When it is all boiled down, Commander: The Great War is about strategy and tactics; it does not need flashy graphics or full 7.2 surround sound, what it needs is depth, a quality computer opponent, and an uncluttered user interface. Fortunately Commander: The Great War has a wonderful and easy to follow interface and the strategy aspects are challenging and fun; thinking ahead a handful of turns is always a blast, especially when everything works out for you.
The computer opponent is where I struggle with the game, there are times that I am convinced that the computer is cheating and other times where I wonder if I am playing against a six year old child. There were plenty of times where I would use a classic pincer move, letting the center unit fall back a few spaces causing the computer to ignore the flanks and move in on that center unit. I would then close the flanks around the enemy units and then decimate them from all side as they would have nowhere to retreat to. It is a fairly basic tactic and it seems to work nearly every time I try it. One of the things that I was not fond of is the way that the computer seems to always play, regardless of the map or the layout of troops. If there are two lines of opposing forces, the computer will simply use a switch feature to attack the line with one unit then immediately rotate in and attack with another unit. While a common tactic in warfare it is used relentlessly and with absolutely demolish your units regardless of what they are. A cheap tactic that is more aggravating than anything else.
During your turn there is a wealth of information available for each unit in the bottom center of the user interface. It will provide you with everything from ammunition to supply stores to unit morale and health. During combat it will show the expected prognosis based on all of the aforementioned stats for both units. Even after hours upon hours in game I am unable to determine any sort of pattern or use for the information as it was almost always wrong. As I played the first (or primary) campaign there were a few spots where the prognosis was heavily in my favor listing a 0 to 4 ratio, indicating that I would lose zero guys while the opponents would loose 4 (thus wiping them out).
Once I initiated combat I killed two units and they wiped the floor with my unit completely, there was no retreat period, it was simply instant death. If this would have happened once or twice I don’t think that I would have minded, since it could be just a streak of bad luck, but it did not happen only once or twice but sometimes three and four times per turn. I was quite distraught when I lost Serbia due to an entire turn of combat resulting in the same false prognosis. Truthfully I think it would be better to not have the prognosis portion and simply leave it to chance; a number of strategies failed as I was blindly trusting the information that the game was providing me. Once I realized what was happening and started playing more cautiously I was able to escape some of that, but not all.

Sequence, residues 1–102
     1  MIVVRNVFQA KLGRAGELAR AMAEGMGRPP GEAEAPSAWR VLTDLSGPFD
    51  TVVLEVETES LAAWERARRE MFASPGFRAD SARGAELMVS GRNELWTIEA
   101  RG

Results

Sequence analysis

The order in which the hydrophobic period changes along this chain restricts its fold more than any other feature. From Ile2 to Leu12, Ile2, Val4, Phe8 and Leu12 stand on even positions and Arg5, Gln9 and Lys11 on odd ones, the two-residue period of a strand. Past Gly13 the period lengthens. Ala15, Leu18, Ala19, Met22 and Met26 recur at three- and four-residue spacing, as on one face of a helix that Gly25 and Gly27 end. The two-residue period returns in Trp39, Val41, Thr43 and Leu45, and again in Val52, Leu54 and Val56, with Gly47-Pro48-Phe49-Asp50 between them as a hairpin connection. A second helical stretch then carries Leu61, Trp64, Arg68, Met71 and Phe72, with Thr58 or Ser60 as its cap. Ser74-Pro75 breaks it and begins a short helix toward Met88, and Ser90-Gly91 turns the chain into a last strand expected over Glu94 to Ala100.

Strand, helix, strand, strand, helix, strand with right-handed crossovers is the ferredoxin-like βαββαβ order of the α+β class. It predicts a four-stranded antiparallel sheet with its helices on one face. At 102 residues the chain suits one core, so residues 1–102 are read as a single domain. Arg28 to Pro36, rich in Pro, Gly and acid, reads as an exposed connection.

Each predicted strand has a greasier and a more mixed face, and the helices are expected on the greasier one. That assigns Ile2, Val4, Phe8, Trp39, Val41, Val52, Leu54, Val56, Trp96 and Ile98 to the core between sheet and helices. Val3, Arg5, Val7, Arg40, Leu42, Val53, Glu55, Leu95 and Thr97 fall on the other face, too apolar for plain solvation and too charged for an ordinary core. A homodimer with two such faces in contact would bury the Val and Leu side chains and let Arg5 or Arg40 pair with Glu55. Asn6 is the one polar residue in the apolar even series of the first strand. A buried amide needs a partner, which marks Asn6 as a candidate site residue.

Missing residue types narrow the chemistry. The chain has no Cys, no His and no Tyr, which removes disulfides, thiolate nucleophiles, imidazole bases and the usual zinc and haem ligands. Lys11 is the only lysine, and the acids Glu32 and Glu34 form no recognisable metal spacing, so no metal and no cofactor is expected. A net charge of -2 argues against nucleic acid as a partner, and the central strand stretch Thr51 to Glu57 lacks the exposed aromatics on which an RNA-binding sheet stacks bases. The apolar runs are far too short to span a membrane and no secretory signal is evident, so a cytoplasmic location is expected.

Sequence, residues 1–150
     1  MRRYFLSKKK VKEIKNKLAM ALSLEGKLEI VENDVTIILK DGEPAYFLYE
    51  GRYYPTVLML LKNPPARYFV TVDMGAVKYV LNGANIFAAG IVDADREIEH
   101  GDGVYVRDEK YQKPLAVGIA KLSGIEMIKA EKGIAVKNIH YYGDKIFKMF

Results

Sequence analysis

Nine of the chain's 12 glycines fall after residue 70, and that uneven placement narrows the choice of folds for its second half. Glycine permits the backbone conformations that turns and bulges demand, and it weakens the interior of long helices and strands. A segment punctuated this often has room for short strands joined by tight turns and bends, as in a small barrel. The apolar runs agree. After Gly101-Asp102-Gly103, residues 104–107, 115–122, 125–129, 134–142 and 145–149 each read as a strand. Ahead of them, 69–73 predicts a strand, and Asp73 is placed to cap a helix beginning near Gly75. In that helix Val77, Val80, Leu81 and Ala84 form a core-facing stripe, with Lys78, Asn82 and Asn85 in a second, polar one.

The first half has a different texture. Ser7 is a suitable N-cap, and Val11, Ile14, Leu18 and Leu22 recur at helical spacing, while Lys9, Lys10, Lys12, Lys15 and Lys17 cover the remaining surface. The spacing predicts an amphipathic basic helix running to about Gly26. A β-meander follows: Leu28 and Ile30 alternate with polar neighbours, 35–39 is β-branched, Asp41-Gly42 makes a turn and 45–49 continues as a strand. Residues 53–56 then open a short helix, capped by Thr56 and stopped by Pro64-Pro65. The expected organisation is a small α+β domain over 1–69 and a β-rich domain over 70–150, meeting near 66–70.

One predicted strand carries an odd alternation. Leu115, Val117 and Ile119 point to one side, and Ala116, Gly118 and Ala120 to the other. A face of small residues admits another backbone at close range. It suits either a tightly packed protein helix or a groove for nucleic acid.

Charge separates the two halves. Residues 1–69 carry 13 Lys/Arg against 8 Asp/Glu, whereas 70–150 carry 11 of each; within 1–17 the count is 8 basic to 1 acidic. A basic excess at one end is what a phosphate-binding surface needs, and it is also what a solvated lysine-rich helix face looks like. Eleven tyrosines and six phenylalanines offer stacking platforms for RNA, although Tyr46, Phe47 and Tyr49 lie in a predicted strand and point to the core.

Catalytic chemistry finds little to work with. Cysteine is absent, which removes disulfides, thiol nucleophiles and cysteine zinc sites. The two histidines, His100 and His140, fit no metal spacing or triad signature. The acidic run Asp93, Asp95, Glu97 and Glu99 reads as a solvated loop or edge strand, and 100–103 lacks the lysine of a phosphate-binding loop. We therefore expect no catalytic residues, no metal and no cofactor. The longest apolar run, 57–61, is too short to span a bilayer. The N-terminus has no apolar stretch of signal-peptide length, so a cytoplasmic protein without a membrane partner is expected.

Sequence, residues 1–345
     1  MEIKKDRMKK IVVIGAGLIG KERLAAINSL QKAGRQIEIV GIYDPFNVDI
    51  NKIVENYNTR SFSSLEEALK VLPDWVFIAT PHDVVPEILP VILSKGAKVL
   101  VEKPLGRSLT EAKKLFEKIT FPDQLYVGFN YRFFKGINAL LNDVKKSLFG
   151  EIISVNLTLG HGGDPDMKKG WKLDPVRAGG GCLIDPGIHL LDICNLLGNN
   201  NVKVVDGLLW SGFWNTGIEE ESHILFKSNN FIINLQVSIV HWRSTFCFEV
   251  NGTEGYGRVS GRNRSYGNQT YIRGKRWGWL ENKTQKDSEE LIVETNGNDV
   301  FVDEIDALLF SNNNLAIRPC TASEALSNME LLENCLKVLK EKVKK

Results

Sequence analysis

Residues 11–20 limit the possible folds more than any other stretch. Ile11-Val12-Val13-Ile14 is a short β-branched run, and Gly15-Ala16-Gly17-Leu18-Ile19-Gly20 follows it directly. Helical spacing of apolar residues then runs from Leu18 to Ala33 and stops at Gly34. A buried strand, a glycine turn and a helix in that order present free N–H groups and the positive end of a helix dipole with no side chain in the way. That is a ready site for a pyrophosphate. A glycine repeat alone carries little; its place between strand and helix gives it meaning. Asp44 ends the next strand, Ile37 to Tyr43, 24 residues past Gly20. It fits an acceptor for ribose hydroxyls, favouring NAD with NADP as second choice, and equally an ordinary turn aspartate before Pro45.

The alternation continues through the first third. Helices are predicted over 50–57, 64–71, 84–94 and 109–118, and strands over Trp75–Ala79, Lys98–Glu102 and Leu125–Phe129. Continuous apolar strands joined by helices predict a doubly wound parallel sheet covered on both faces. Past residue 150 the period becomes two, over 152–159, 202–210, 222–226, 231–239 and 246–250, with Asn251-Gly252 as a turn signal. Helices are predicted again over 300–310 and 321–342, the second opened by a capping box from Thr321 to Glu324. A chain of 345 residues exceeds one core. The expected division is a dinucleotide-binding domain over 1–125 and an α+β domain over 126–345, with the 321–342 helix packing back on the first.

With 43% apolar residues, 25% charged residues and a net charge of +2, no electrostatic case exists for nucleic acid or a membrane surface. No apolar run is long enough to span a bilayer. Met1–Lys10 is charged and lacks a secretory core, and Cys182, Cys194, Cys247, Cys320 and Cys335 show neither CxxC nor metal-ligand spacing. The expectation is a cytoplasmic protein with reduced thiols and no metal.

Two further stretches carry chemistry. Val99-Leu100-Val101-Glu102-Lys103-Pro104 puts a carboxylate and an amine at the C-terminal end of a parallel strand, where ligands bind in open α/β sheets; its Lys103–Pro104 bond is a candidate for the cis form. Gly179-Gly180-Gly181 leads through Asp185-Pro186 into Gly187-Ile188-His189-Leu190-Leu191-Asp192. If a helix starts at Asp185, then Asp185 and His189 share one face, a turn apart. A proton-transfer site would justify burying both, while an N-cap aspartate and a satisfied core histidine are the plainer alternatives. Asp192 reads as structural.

In the opening paragraph I mention that Commander: The Great War does something new; it is not in its strategies or AI opponents, nor is it in the graphics and super neat playing board. It was the setting; I cannot recall a single World War 1 game that I have played. Ever. Commander was definitely a new feel since I was not able to rely on things like air strikes or heavy armor support since the title uses period-specific units so throwing piles of infantry at a fortified location was generally the best tactic. You can use the airfields to launch reconnaissance units that will demoralize the enemy unit, you soften them up with some artillery then walk your infantry through them; the results are just as punishing as the real thing would be. Being able to use real tactics in a game against a computer opponent is always a blast and minus a few forgivable issues with some of the computer opponents, Commander: The Great War is a solid entry into the strategy genre and should be picked up by any history fan or strategy gamer.
Review by Robert